Evolution of carbon capture and storage by mineral carbonation: Data analysis and relevance of the theme
MetadataShow full item record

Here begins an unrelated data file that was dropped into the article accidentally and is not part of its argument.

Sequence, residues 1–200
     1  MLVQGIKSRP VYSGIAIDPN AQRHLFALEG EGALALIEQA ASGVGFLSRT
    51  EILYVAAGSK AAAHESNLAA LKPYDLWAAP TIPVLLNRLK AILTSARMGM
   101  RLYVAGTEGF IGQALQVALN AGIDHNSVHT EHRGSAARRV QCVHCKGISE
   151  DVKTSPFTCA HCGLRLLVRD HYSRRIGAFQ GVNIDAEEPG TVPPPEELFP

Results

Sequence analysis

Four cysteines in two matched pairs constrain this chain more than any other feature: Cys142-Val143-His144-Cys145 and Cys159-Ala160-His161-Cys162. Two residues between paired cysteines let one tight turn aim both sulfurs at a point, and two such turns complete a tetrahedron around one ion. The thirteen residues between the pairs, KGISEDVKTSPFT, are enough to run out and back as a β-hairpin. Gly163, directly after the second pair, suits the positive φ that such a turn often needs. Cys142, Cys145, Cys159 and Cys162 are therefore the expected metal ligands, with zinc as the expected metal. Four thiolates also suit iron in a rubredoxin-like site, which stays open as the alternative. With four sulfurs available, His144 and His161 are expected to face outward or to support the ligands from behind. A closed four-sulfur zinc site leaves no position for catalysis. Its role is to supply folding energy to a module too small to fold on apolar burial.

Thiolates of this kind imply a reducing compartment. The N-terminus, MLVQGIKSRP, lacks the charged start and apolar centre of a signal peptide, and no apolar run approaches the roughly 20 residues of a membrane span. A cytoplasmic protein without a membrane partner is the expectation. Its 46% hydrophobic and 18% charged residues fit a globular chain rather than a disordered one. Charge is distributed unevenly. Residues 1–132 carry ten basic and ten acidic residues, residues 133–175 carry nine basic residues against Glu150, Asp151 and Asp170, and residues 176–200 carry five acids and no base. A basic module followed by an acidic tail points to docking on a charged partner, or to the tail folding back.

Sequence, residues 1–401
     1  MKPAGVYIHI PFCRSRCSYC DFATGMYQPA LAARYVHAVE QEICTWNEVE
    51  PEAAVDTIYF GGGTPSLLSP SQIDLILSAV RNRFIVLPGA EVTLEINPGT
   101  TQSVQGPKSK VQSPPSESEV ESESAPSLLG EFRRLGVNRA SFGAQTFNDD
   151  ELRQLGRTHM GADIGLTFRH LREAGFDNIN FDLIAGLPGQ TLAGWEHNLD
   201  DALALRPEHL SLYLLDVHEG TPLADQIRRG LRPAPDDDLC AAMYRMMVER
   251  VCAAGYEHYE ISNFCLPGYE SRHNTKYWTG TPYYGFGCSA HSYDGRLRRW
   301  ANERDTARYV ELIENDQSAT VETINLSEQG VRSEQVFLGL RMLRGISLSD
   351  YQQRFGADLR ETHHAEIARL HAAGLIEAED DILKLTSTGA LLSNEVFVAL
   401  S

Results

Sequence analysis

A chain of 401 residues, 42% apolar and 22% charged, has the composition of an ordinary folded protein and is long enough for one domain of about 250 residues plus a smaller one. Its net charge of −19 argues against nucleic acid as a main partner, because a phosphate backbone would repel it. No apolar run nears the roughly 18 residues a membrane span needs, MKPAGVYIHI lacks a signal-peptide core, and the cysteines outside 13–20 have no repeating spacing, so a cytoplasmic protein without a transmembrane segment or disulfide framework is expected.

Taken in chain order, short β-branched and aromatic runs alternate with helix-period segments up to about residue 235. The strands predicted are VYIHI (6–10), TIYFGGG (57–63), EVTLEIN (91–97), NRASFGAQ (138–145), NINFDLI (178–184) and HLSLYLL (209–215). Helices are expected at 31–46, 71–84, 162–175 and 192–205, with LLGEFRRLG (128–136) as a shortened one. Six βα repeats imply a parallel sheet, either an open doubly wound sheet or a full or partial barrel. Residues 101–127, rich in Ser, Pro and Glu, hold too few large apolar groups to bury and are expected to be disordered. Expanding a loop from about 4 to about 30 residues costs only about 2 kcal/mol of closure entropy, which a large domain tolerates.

Mineral carbonation has enormous potential for carbon capture and storage (CCS). CO2 is a greenhouse gas that can be converted into environmentally stable products through mineral carbonation, which has been pointed out as the most promising technology to reduce CO2 emissions and environmental impacts generated therefrom. Thus, this study presents an overview of the state of the art in terms of mineral carbonation research conducted between 2002 and 2018 with the aim of analyzing its evolution so as to identify the main scientific challenges in literature to indicate future research on it. The results reveal an increase in the number of publications and citations during the period under study and that there has been a fivefold increase in publications and citations on average in the latest five years. The analyzed works have made use of different kinds of industrial waste as raw material for mineral carbonation, whose most widely studied products were mining waste, Coal fly ash and Steelmaking slag. Mining waste is the most commonly studied material, which presents the greatest potential for mineral carbonation. Analyzes of recent articles have revealed that many challenges are yet to be overcome, such as the deployment of industrial carbonation technologies, mostly those that increase the efficiency of converting CO2 into carbonates and reduce its overall budget. Thus, further studies are needed with the aim of increasing the process reaction rate, reducing the use of chemical reagents and defining the mineralogical characteristics of raw materials in order to determine an ideal raw material for carbonation processes and analyze the market and profitability of products generated through mineral carbonation.